quiz 2 study guide - Quiz #2 Study Guide 16:47 Quiz...

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Quiz #2 Study Guide 16:47 Quiz Questions: List three studies from the Subjective-Well Being and Wealth article that you find the  most interesting. Governance – human rights in nations correlated with average well-being; democratic  governments score high on individual well-being (.78 correlation between democracy  and levels of well-being) Religion – religious people tend on average to experience greater well-being than non- religious people Diminishing Returns for Higher Income Study – above $10,000, only small increases in  well-being with increases in income List 2 protective factors that you see in the movie for Sudan that the individuals use Environmental Mastery – they held down jobs and became productive members of U.S.  society after adapting to the new culture Autonomy – they maintained their own identities as Africans in the midst of a very  different U.S. culture Wealth and Happiness Only small correlations between income and subjective well-being  within  nations Money affects well-being when it helps people meet their basic needs Negative Effects of Wealth on Happiness Focusing Illusion - people think that if you are richer you are happier, but this is not  necessarily true Moment-to-Moment happiness is more tense, people do not spend more time in  particularly enjoyable activities, and we often compare our income to others (frustrated  achievers.) Social support has many positive effects on physical health, buffers one from illness,  lowers mortality rates In terms of happiness, what are your friends worth? Social interaction worth over $100,000 per year Getting married worth over $80,000 per year People who are married, who have good friends, and who are close to their families are  happier than those who are not – these are true keys to happiness; not money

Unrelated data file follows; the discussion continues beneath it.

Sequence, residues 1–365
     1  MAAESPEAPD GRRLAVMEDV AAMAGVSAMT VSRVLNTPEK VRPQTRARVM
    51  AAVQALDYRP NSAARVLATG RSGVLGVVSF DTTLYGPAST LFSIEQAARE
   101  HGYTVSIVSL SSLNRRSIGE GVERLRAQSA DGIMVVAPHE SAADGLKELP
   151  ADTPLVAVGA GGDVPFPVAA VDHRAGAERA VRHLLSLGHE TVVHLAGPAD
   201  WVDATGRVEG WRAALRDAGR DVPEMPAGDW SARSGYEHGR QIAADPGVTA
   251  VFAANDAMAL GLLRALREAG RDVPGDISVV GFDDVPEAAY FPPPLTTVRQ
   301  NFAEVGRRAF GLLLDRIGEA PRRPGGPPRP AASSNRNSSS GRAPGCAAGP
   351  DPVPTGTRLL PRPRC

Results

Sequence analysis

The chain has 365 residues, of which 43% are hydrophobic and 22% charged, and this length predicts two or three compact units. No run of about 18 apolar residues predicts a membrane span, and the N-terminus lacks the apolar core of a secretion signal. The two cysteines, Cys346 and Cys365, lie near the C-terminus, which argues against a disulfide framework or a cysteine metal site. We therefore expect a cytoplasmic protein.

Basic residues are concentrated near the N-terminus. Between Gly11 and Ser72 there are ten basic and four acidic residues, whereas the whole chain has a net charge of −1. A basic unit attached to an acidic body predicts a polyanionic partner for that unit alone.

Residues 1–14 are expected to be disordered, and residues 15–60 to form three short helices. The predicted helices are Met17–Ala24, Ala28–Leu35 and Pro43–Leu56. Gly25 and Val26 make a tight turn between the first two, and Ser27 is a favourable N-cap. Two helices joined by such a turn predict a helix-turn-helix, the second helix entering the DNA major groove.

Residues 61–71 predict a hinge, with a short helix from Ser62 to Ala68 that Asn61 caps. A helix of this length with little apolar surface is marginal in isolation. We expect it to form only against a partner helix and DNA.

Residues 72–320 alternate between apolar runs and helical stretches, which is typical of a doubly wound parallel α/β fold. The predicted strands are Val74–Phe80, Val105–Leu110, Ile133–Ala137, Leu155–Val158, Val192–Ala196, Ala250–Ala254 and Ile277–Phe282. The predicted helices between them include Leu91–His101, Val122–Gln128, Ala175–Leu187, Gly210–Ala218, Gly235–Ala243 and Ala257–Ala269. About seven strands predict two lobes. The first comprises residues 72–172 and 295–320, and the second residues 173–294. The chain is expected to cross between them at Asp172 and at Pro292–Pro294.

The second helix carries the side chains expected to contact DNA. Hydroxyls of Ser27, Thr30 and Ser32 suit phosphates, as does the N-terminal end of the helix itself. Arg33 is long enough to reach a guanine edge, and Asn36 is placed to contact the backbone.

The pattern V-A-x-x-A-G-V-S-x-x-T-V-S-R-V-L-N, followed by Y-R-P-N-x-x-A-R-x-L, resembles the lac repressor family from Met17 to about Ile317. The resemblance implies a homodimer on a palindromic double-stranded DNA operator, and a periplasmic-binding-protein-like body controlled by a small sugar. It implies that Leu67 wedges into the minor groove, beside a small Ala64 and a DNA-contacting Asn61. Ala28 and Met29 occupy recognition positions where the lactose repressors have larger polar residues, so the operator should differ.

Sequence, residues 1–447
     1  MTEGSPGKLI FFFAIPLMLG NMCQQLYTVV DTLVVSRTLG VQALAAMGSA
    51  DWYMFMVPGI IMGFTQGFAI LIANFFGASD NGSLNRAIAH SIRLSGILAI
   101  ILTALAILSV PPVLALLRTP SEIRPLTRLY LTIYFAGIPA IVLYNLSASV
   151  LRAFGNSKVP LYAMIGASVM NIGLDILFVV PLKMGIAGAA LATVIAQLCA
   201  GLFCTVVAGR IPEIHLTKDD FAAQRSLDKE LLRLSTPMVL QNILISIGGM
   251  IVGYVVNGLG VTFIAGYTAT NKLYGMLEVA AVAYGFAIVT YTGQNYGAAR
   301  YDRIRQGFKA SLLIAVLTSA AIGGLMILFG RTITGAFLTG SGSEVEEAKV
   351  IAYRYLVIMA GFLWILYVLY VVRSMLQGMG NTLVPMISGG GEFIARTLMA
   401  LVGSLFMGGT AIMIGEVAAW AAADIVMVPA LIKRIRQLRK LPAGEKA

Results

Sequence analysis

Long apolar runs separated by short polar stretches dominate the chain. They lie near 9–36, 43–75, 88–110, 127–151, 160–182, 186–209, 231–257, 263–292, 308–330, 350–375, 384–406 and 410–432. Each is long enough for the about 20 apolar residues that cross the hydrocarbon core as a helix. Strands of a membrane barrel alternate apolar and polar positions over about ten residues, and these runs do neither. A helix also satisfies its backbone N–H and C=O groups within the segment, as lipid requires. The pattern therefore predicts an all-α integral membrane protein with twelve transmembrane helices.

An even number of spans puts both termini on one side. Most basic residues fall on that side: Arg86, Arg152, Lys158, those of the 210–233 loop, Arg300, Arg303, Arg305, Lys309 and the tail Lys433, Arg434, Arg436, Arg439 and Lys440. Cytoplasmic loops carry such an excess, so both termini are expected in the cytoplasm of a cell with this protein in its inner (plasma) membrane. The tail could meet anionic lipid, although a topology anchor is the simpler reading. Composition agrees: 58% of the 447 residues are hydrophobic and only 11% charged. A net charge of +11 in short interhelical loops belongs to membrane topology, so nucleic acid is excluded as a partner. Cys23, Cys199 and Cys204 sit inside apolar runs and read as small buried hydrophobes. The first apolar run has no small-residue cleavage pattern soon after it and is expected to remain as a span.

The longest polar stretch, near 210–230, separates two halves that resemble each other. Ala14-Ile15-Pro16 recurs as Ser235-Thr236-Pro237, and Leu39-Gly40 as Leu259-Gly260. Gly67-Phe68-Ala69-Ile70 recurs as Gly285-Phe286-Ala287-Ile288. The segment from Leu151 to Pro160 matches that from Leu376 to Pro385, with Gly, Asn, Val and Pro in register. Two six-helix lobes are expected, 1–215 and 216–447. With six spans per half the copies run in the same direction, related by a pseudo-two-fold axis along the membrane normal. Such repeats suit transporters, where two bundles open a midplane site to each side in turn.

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Decreases in Autonomy Marriage: limits freedom of choice of sexual partners and emotional partners. Serious Friendships: weighty responsibilities and obligations. The things that make us happy tend to occupy our time and ruin our free time Why More is Less: The Paradox of Choice Maximizer: those who want to make the very best choice among alternatives. Satisfier: those who are content to make a good-enough choice. Maximizers savor positive events less than satisficers and do not cope well (by their  own admission) with negative events. After something bad happens to them, maximizers’ sense of well-being takes longer to  recover. Maximizers tend to brood or ruminate more than satisficers.
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This note was uploaded on 03/19/2012 for the course PSYC 120 taught by Professor Andersen during the Fall '11 term at University of Delaware.

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quiz 2 study guide - Quiz #2 Study Guide 16:47 Quiz...

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